It’s hard to believe that it’s almost time for the reforms to business rates in England to kick in for the 2022/23 tax year.
Mind you, with energy prices soaring after Ofgem’s 54% increase to the price cap, bricks-and-mortar retailers might not see much saving.
Business rates are similar to what council tax is for homeowners, in that they have a ‘rateable value’ and a levy is collected by local authorities.
Typically, business rates are charged on non-domestic properties such as pubs, shops, offices, warehouses, and factories.
The rates are also paid by holiday rental homes or guest houses, of which there are plenty on our doorstep down here in Crediton.
Businesses like those will pay business rates to Mid-Devon District Council, with the property’s rateable value set by the Valuation Office Agency.
After changes to business rates announced in Autumn Budget 2021, what can bricks-and-mortar businesses in Devon expect to pay in 2022/23?
Business rates multiplier frozen
From 1 April 2022 until 31 March 2023, the business rates multipliers will be frozen at 49.9p and 51.2p, rather than being increased with inflation.
The business rates multiplier usually determines this yearly rise and is tied to September’s inflation rate, as measured by the Consumer Prices Index.
That would’ve led to a 3.1% increase for 2022/23, hammering many firms that are still feeling the effects of the pandemic.
This measure should ensure that “more than 90% of all retail, hospitality and leisure businesses in England would see a discount of at least half”.
Relief for hardest-hit sectors
Thousands of retail, hospitality and leisure firms in England will receive a short-term business rates reprieve in 2022/23.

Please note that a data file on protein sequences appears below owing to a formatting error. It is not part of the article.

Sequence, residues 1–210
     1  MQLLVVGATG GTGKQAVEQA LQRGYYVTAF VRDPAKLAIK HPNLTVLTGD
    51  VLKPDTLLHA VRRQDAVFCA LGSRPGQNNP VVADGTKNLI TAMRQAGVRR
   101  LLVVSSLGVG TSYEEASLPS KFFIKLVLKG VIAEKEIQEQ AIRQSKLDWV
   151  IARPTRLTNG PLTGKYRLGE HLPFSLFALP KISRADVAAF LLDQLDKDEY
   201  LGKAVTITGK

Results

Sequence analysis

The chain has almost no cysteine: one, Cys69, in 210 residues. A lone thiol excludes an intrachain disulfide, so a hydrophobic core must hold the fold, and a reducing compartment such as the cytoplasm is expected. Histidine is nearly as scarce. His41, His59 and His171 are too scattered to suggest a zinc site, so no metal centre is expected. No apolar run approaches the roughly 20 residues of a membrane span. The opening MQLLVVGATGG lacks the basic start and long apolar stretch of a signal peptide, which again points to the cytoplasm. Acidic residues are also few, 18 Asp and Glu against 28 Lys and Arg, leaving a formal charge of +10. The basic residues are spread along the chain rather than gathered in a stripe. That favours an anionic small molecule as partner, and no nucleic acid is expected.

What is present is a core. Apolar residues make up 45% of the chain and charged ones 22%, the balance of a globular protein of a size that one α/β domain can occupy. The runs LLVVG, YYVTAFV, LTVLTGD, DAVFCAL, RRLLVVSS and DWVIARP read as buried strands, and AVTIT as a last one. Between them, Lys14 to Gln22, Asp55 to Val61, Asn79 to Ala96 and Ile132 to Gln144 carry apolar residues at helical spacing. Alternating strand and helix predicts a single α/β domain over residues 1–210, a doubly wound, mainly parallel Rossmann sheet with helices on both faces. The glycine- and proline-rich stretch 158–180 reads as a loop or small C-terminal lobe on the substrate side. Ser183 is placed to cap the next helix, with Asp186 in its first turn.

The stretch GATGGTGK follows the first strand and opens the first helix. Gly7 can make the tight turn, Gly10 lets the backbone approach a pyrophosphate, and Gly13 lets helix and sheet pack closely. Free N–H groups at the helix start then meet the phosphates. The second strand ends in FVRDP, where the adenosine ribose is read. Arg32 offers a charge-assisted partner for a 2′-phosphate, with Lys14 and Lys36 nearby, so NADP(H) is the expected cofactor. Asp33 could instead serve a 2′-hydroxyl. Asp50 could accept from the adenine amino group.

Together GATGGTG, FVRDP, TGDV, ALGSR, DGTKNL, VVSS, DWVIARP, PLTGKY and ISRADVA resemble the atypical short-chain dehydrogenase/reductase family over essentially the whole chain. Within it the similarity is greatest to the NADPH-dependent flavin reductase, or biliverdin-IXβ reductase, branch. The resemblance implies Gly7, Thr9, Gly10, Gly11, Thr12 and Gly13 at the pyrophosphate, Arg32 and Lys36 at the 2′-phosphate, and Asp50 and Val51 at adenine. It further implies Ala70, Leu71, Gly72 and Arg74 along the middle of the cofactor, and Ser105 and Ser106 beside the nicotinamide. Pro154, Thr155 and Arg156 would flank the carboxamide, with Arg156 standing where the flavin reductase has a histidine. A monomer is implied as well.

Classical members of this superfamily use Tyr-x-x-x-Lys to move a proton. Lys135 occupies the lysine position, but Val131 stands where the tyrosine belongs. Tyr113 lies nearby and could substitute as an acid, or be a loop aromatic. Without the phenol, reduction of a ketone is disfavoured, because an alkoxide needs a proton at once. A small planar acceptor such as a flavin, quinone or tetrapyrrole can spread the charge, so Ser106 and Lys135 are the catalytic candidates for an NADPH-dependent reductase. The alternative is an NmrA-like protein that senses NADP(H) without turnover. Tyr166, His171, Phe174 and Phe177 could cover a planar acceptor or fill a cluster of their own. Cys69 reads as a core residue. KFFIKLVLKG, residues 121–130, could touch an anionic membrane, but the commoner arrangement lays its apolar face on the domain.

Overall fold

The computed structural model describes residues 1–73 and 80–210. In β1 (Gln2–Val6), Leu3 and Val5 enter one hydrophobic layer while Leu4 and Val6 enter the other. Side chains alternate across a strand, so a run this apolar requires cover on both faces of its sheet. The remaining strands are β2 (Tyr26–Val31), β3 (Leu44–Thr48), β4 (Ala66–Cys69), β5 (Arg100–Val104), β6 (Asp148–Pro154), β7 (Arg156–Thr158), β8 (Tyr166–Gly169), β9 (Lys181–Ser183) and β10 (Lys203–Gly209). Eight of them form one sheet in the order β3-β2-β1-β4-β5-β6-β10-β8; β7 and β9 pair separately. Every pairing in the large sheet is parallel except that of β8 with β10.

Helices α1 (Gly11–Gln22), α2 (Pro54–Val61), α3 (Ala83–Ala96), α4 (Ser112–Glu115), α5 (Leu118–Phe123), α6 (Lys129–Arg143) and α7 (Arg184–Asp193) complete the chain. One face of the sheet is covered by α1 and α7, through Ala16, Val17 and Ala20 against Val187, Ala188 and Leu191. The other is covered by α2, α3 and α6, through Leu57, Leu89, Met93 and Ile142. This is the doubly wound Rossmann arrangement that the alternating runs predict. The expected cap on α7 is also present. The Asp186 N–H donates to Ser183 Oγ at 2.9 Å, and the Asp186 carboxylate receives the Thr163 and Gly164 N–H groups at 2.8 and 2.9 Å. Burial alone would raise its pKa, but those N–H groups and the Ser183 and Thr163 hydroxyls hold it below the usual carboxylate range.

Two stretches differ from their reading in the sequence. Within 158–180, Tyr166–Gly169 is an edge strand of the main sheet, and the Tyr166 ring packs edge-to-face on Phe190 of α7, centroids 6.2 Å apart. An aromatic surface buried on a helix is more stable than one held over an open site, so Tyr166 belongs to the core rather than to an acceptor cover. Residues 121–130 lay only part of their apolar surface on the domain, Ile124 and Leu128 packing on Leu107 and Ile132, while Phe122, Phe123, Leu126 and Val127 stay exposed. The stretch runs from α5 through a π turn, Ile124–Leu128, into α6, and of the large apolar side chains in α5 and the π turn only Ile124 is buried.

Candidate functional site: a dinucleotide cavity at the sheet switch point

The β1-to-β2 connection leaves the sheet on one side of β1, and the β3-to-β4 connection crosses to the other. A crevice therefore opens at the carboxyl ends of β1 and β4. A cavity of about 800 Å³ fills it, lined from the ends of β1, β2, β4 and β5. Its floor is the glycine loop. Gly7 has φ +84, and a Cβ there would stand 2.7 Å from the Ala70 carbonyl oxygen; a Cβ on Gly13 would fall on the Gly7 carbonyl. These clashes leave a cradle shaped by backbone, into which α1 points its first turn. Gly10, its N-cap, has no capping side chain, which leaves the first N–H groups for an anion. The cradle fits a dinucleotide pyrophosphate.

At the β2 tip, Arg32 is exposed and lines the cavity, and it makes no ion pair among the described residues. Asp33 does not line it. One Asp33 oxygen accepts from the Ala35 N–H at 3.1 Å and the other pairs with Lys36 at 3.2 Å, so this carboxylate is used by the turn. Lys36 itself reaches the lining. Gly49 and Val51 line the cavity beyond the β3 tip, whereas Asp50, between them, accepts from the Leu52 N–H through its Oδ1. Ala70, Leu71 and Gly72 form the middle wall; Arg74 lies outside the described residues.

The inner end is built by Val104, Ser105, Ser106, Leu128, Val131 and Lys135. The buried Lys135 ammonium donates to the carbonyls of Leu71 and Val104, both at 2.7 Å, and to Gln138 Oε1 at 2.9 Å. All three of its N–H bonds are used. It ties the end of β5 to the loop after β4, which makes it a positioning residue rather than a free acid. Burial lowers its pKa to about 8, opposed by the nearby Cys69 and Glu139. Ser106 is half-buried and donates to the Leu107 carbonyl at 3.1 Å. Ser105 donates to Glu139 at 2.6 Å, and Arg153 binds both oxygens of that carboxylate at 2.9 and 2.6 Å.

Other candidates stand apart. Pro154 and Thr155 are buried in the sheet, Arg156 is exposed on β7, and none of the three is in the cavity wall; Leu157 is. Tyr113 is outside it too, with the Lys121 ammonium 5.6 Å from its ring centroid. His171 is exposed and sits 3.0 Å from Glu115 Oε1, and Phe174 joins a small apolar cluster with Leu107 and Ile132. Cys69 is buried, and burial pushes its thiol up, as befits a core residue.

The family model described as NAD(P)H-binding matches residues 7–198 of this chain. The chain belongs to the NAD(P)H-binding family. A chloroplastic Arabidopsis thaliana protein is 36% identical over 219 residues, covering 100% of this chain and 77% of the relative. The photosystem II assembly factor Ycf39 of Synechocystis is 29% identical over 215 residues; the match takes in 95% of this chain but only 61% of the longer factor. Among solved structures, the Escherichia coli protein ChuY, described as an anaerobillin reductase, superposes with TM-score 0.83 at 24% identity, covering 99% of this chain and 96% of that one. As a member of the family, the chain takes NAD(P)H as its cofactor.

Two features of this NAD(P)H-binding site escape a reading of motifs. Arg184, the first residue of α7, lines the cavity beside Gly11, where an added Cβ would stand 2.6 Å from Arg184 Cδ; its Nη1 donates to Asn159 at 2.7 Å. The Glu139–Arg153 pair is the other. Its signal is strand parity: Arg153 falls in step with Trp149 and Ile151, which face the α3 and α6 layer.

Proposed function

Chancellor Rishi Sunak revealed a temporary 50% cut in their business rates, up to a maximum of £110,000 per business from 1 April 2022.
Up to 400,000 businesses in these sectors – including pubs, music venues, cinemas, restaurants, hotels, theatres, and gyms – stand to benefit.
More frequent revaluations
Business properties are currently rated every five years, with the current five-year cycle ending on 31 March 2023.
From 1 April 2023, the Valuation Office Agency will adjust the rateable value of business properties every three years.
At a revaluation, all properties are given a new rateable value and the business rates multipliers are revised.
With these becoming more regular, they should better reflect changing market conditions – in theory, at least.
At Stapletons, we offer business planning advice to improve all different types and sizes of business in Devon and beyond.
With soaring inflation and the energy price crisis, managing costs within your business is going to be more important than ever this year.
Our experts can help you set budgets for the 2022/23 tax year and prepare cashflow forecasts to give you a range of scenarios to plan for.
To find out more, email us at email@example.com or call 01363 773191.